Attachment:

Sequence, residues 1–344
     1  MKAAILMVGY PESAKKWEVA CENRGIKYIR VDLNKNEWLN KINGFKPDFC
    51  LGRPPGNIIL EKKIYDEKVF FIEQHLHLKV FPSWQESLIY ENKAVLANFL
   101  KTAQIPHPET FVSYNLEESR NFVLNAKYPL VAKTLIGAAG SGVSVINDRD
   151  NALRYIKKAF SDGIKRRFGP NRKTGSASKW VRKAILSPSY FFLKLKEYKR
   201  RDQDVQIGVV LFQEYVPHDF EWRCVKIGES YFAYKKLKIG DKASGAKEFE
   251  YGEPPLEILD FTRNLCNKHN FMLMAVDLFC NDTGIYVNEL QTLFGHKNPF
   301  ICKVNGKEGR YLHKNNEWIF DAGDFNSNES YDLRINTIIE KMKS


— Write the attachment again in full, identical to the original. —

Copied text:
Sequence, residues 1–344
     1  MKAAILMVGY PESAKKWEVA CENRGIKYIR VDLNKNEWLN KINGFKPDFC
    51  LGRPPGNIIL EKKIYDEKVF FIEQHLHLKV FPSWQESLIY ENKAVLANFL
   101  KTAQIPHPET FVSYNLEESR NFVLNAKYPL VAKTLIGAAG SGVSVINDRD
   151  NALRYIKKAF SDGIKRRFGP NRKTGSASKW VRKAILSPSY FFLKLKEYKR
   201  RDQDVQIGVV LFQEYVPHDF EWRCVKIGES YFAYKKLKIG DKASGAKEFE
   251  YGEPPLEILD FTRNLCNKHN FMLMAVDLFC NDTGIYVNEL QTLFGHKNPF
   301  ICKVNGKEGR YLHKNNEWIF DAGDFNSNES YDLRINTIIE KMKS